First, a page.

Karl Marx was a German philosopher who gave a written voice to communism when he published "The Manifesto of the Communist Manifesto," co-written with fellow communist Friedrich Engels in 1848. The Communist Manifesto laid out Marx's theories about the struggle between the working class and the ruling class.

Marx's Manifesto

Marx believed this struggle defined all of history. He contended that the changes Europe was undergoing in transistioning from monarchies to capitalist economies controlled by an increasingly wealthy business class were a natural stage that was destined to end with an uprising of the working class. In Marxist theory, the working class uprising would lead to a world in which private property -- especially of the means of agricultural and industrial production -- was abolished and all things were owned in common by a Utopian society of workers.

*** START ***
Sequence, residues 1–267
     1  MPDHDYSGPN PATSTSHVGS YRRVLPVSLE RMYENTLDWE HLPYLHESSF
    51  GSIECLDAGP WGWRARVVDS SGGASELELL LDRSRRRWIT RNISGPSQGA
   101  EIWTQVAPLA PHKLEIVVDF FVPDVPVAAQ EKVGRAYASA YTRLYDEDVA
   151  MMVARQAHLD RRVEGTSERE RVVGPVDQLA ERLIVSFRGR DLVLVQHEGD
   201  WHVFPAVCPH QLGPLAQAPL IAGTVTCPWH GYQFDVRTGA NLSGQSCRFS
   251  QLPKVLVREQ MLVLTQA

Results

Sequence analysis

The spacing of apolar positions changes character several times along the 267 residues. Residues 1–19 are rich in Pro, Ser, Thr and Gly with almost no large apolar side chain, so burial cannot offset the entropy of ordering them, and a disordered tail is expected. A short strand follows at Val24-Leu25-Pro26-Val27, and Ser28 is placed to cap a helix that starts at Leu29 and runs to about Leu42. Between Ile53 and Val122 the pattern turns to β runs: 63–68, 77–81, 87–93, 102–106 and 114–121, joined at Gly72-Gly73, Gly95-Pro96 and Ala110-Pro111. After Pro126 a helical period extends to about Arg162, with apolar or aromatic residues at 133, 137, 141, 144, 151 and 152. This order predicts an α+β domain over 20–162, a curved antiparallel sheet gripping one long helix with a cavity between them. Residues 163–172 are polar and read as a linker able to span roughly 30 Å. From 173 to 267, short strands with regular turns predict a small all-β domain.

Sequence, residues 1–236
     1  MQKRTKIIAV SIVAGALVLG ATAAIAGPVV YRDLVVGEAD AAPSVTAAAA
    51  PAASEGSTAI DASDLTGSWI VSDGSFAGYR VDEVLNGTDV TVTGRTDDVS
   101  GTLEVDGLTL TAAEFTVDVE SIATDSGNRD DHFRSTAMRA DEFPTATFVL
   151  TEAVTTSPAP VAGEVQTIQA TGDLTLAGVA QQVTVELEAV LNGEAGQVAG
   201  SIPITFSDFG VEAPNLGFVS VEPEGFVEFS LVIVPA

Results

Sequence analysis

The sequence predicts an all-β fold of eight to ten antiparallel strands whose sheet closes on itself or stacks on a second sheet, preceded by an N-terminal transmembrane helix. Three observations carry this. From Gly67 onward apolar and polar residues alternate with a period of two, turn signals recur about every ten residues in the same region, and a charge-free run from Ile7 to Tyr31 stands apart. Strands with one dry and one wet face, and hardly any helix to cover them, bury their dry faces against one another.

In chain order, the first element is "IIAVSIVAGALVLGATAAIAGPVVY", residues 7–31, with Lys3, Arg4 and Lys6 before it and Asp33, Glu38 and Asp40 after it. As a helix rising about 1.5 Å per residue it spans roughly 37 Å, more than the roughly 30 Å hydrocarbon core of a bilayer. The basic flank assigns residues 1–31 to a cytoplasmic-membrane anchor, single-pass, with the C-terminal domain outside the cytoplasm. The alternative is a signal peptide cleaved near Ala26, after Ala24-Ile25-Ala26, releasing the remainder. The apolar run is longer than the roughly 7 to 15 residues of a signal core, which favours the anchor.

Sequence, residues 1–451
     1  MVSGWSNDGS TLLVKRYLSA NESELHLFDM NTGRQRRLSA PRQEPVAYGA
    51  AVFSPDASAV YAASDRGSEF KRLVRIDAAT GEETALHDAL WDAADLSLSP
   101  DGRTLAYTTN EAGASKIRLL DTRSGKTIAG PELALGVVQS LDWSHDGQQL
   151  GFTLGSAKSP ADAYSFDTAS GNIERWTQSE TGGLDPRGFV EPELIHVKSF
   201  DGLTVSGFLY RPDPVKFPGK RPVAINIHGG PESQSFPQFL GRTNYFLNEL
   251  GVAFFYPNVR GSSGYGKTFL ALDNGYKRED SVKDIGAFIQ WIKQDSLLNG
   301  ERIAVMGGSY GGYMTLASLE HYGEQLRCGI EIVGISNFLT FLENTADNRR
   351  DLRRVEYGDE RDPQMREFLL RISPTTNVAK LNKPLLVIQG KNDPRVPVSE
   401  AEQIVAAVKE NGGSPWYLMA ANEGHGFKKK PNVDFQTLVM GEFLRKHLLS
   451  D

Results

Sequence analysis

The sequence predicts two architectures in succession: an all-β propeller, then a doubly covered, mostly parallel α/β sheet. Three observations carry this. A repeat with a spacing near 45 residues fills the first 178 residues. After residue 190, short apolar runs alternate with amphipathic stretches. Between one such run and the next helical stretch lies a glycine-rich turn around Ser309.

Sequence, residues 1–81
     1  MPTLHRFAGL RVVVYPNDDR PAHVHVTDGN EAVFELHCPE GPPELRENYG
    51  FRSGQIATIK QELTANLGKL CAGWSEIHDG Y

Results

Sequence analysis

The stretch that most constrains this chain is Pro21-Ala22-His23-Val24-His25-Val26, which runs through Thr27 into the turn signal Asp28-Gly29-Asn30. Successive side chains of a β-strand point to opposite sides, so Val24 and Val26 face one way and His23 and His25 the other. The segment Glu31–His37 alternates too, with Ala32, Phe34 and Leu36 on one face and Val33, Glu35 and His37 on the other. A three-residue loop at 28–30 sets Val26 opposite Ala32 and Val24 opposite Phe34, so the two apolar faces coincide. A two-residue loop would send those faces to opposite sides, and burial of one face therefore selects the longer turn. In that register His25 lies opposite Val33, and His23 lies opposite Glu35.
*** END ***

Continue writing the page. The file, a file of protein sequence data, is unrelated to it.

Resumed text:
Communism in Practice

Russia was the first country in which the working class actually overthrew their government. However, Russia went directly from an imperial government to the worker's revolution. Russia thus skipped the period of capitalism that Marx believed was inevitable. Vladimir Lenin, the leading figure in early Russian communism, believed that communism could only be achieved by vesting the power of government in the hands of a small group of people -- the Communist Party -- who would theoretically rule on behalf of the country's working class. Most communists acknowledge that true Marxist communism has never been achieved.